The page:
- The Washington Times - Thursday, May 21, 2009

A rebound in Washington-area travel over the Memorial Day weekend could be a sign the nation is recovering from its economic crisis, according to AAA officials.

AAA Mid-Atlantic predicts that 730,000 D.C. area residents will travel at least 50 miles during the holiday period, a 4 percent increase from last year, when high gas prices persuaded many residents to put the brakes on holiday travel. About 32.4 million people will be traveling nationwide, a 1.5 percent increase, the automobile association predicts.

AAA officials say lower gas prices, better hotel and rental bargains, and higher consumer confidence contribute to increased travel.

“Despite all the economic turmoil, we’ve got some very bright signs,” said Lon Anderson, AAA-Mid Atlantic director for government and public affairs. “After a long winter of rising unemployment, falling housing values, evaporating 401(k)s … many Americans are looking for a break.”

About 46,000 area residents will be traveling by air, a 6 percent increase from last year. That’s compared with 2.1 million people who will travel by air nationwide, a 1.5 percent decrease from 2008.

State officials are confident that the uptick in holiday travelers could also be a sign that the crippling recession, which started in December 2007 and is responsible for eliminating more than 5 million jobs nationwide, is in its last throes.

“Travel is very much connected to consumer confidence,” said Margot Amelia, executive director of the Maryland Office of Tourism. “Travel is important to the American psyche, and if people are thinking about traveling, then perhaps they are thinking this is the beginning of the end in terms of the recession.”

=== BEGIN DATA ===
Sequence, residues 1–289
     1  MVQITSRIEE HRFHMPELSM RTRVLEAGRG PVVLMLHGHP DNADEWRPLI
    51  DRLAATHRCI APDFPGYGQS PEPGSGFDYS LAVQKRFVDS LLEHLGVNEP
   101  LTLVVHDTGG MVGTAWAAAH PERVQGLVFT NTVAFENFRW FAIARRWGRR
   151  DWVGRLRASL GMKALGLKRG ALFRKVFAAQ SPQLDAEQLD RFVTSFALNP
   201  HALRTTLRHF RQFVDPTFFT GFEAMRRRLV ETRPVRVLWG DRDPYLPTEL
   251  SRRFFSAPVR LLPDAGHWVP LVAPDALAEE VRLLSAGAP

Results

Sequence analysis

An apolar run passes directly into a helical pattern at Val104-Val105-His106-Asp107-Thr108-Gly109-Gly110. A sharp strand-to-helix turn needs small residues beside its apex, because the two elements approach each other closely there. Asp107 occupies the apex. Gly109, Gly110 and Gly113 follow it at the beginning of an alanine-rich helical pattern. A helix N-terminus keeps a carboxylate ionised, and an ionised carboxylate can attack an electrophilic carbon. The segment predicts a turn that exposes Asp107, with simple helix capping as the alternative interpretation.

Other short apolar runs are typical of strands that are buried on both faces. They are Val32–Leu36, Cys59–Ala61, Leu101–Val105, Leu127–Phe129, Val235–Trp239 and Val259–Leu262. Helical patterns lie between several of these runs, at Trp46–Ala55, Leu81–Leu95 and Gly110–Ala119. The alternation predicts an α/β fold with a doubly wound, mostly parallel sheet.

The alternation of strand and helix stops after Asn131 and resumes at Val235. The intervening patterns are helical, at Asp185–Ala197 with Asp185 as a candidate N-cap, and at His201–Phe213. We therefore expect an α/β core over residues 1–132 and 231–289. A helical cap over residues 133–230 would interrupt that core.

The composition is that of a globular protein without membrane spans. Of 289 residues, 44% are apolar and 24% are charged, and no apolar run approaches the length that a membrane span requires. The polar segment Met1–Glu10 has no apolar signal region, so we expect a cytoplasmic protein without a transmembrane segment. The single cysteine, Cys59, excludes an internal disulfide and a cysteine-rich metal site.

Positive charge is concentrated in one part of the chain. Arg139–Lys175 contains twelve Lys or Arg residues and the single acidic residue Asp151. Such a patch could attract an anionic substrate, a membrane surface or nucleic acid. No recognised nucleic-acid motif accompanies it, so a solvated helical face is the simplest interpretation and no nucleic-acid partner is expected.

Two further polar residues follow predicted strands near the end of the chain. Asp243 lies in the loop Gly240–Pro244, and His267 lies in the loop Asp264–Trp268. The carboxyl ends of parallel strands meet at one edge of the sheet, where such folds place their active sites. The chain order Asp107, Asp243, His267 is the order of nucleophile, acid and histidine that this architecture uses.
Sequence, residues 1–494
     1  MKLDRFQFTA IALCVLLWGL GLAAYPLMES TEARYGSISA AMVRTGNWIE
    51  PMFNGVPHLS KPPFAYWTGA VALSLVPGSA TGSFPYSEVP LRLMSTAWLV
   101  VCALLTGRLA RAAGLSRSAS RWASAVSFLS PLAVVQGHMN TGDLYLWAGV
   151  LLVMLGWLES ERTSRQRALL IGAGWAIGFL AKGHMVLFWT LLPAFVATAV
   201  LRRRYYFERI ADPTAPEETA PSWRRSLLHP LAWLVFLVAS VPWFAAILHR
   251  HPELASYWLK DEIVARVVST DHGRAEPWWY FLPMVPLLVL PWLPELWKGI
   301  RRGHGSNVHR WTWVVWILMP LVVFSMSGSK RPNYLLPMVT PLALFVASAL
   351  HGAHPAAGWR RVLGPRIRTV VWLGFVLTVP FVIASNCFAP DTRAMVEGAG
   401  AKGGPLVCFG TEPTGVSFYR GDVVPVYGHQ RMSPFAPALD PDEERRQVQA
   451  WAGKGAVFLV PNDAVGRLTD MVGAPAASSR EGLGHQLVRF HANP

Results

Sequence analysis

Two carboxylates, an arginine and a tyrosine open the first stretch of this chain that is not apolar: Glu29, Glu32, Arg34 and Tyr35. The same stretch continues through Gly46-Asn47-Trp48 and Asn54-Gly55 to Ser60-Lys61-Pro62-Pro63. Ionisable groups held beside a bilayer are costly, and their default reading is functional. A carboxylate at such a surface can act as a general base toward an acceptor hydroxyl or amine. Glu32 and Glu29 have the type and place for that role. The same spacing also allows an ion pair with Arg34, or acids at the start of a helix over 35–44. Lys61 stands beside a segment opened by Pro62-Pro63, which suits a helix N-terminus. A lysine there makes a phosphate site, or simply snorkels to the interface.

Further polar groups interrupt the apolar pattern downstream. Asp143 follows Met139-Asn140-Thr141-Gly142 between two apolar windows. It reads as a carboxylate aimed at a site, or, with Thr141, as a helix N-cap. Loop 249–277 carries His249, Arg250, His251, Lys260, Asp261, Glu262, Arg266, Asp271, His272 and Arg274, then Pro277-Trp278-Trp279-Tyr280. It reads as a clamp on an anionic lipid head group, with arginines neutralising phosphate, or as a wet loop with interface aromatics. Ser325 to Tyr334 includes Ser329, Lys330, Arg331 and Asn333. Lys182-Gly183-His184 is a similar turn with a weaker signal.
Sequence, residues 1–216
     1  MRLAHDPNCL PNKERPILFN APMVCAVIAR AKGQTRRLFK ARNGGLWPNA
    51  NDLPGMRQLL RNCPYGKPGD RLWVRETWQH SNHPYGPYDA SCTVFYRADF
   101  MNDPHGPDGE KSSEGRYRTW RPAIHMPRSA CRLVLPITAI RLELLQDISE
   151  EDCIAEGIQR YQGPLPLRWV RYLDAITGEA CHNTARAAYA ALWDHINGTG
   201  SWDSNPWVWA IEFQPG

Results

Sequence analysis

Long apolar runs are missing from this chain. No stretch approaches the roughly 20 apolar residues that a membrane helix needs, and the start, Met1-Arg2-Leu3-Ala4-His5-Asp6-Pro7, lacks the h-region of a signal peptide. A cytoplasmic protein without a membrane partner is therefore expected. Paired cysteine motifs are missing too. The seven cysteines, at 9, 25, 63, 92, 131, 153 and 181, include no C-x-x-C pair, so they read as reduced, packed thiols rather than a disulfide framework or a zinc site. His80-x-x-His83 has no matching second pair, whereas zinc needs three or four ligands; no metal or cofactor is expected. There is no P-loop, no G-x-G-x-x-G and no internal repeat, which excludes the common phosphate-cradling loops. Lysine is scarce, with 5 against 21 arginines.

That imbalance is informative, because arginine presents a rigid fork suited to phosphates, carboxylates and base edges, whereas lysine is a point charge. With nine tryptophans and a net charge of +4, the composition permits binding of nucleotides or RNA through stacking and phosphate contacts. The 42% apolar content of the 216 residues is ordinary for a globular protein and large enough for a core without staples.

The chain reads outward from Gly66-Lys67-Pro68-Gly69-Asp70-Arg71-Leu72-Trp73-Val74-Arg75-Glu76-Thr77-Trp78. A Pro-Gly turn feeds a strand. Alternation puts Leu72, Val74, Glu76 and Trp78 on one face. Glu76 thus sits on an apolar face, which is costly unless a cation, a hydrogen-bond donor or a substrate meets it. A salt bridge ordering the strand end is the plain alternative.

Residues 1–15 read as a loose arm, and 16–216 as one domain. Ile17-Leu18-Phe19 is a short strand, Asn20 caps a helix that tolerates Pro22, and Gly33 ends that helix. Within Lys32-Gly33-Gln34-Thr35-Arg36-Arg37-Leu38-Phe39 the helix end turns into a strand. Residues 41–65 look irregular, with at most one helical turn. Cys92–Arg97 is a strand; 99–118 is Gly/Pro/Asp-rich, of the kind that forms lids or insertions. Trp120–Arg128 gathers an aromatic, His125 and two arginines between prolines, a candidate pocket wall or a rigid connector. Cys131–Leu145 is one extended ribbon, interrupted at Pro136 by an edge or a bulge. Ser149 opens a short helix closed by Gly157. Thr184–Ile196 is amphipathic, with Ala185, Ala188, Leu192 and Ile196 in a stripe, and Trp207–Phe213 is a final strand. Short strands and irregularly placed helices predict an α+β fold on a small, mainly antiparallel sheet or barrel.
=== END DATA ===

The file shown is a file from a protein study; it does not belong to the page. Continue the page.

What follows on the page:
A decrease in fuel prices across the board has been the key factor for more travelers. Last year, holiday travelers paid an average $3.81 for a gallon of unleaded gasoline, and $4.14 for premium grade. This year, that price is down almost 50 percent, about $2.29 a gallon in the Washington area, and $2.31 nationally, although prices have increased on average 25 cents per gallon in recent weeks.

An increase in air travel can also be attributed to lower fares. AAA estimates that passengers will pay on average $176 a ticket, a 4 percent decrease from last year.

Representatives from the area’s top tourism destinations are also seeing signs of optimism. In Maryland’s vacation hot spot, Ocean City, Mayor Richard W. Meehan said that in April the city saw a record number of visitors almost every weekend. Last weekend, for example, the city had 230,000 visitors, an increase of 30,000 over the same time last year, Mr. Meehan said.

“The number of visitors … this year has increased dramatically,” he said. “That says to me: Let’s get the economy going again.”

Ocean City spokeswoman Donna Abbott said unusually sunny weather during the weekends in April contributed to the record number of visitors.

“People are tired of all the doom and gloom we experienced over the winter, and with gas prices low and the weather beautiful, they’re ready to go out and travel,” she said.

Although this Memorial Day weekend is likely to see more travelers than last year, it will still pale in comparison with what was seen in the years before the recession. In 2007, about 877,000 D.C.-area residents traveled during holiday weekend, an estimated 147,000 more people than AAA projects will travel this year.

“It’s like the canary in the coal mine,” said AAA-Mid Atlantic spokesman John B. Townsend II. “It may be better than last year, but it’s not what we once had, and we have a long way to go, but we hope these numbers are a sign of better times to come.”

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